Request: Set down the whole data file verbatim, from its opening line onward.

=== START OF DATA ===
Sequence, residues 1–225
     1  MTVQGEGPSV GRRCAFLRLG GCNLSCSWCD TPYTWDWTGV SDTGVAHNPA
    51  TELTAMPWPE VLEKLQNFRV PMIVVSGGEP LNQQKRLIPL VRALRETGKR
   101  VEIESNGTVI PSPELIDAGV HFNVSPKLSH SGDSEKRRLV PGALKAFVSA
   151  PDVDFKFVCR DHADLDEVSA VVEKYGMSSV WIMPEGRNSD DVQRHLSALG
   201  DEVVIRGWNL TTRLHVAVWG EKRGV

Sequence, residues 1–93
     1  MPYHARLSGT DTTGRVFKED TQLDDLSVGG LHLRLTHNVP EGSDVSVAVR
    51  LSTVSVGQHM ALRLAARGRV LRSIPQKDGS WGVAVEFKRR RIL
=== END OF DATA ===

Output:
Sequence, residues 1–225
     1  MTVQGEGPSV GRRCAFLRLG GCNLSCSWCD TPYTWDWTGV SDTGVAHNPA
    51  TELTAMPWPE VLEKLQNFRV PMIVVSGGEP LNQQKRLIPL VRALRETGKR
   101  VEIESNGTVI PSPELIDAGV HFNVSPKLSH SGDSEKRRLV PGALKAFVSA
   151  PDVDFKFVCR DHADLDEVSA VVEKYGMSSV WIMPEGRNSD DVQRHLSALG
   201  DEVVIRGWNL TTRLHVAVWG EKRGV

Sequence, residues 1–93
     1  MPYHARLSGT DTTGRVFKED TQLDDLSVGG LHLRLTHNVP EGSDVSVAVR
    51  LSTVSVGQHM ALRLAARGRV LRSIPQKDGS WGVAVEFKRR RIL